New Hong Kong rights head says torture claimants should be put in camp – then backtracks
Alfred Chan, who takes over as Equal Opportunities Commission boss on April 11, also faces criticism over his comments on sexual minorities
Incoming Equal Opportunities Commission chief Alfred Chan Cheung-ming backtracked on his statement about putting torture claimants in a detention camp, a day after causing a storm of criticism when he sided with lawmaker Regina Ip Lau Suk-yee’s proposal.
The gerontology professor courted controversy not only with his comments over asylum seekers, but also for saying in a media interview that legislating against discrimination involving sexual minorities was not his “number one priority” – a statement which angered LGBT rights activists.
‘I hope to bring in negotiation and understanding,’ says Hong Kong’s new top man on equal opportunities, Alfred Chan Cheung-ming
Chan does not start his term until April 11.
Speaking to the Post, Chan clarified that he didn’t mean he wanted asylum seekers put in a detention camp, but was trying to distinguish the rights of local ethnic minorities from those who were seeking asylum.
“I wanted to differentiate local ethnic minorities from torture claimants – that the issues are different,” explained Chan of his comments made in an interview with Cable TV.
Chan’s comments came after the commission released a review of the four discrimination laws on Tuesday, which suggested the government would amend the Race Discrimination Ordinance so it was no longer exempted from the law’s provisions.
Current chairman York Chow Yat-ngok had said that the ordinance did not deal directly with asylum seekers, but was a law to protect all people – irrespective of their status – from racial discrimination.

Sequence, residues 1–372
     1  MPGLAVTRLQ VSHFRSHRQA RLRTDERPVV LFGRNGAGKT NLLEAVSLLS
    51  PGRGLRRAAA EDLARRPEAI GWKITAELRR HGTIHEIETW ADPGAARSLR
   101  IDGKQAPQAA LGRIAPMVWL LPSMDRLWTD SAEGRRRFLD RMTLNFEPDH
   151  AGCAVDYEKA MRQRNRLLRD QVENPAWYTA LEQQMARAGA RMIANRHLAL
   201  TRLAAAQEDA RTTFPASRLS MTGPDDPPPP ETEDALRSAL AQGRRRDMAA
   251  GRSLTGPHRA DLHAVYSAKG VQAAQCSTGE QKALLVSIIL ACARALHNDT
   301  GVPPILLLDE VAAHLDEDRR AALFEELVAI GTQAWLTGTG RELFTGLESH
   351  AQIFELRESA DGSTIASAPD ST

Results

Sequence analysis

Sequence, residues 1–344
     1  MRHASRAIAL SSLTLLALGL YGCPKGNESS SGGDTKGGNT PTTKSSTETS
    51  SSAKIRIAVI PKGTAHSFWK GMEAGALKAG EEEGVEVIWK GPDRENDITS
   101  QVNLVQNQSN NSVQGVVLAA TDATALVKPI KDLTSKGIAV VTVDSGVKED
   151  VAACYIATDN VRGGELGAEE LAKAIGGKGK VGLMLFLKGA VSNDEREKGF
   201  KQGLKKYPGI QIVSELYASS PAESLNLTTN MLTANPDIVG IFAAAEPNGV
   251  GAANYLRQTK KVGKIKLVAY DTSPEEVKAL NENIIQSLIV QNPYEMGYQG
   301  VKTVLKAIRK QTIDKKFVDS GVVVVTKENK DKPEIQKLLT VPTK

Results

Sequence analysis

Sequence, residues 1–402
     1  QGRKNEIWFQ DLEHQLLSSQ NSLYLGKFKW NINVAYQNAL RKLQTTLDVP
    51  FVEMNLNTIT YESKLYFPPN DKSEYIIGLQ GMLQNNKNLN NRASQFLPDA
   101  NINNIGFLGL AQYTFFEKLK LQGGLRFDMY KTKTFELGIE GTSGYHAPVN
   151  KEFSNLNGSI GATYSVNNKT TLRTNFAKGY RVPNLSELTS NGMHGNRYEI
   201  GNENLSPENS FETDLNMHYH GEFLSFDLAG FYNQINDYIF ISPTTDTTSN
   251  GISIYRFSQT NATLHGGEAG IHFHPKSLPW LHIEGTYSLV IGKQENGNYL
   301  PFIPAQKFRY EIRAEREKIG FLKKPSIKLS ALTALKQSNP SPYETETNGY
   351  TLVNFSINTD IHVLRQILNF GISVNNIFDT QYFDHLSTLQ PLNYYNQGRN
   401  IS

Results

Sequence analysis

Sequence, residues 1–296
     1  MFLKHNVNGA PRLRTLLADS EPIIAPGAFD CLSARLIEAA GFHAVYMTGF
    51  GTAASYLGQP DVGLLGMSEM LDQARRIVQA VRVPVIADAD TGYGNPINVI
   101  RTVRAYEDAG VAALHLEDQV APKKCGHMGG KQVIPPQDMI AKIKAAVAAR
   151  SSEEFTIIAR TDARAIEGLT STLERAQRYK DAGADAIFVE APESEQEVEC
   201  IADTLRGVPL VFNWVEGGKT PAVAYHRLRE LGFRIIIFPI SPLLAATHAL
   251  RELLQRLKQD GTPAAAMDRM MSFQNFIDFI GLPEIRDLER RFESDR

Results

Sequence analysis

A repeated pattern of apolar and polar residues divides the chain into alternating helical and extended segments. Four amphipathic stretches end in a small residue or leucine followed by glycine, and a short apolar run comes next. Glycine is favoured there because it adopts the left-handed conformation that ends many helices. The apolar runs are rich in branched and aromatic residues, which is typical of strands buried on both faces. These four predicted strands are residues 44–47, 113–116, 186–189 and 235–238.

Racial discrimination has caused non-Chinese Hongkongers – especially those with darker skin – to be treated unequally in daily life, which Chan said needed to be addressed. “Torture claimants are a different matter,” he said.
In the Cable TV interview, Chan sided with Ip’s suggestion of putting claimants in camps as happened with Vietnamese asylum seekers in the 1980s. But he later backtracked, saying instead that what he meant was that torture claimants should be given temporary living quarters while waiting for further arrangements.
“I think the word ‘camp’ is misleading ... What I meant was a place which would take them in – temporary living quarters,” he said.
Chan admitted that in the same interview, he had a slip of the tongue, calling homosexuals a Cantonese slang term which meant “drug addict”. He said it was his mistake.
He also stressed that education was more important than legislation in offering protection to sexual minorities in an interview with the Ming Pao newspaper.
But Chan elaborated on his statement and told the Post: “I am not saying that I won’t put priority on dealing with discrimination against sexual minorities, but I’d want to raise the priorities of other issues to the same level. Ethnic minorities and disabled rights deserve attention as well.”
Chan said he would work with the commission and follow up with the government on all the recommendations made in the report.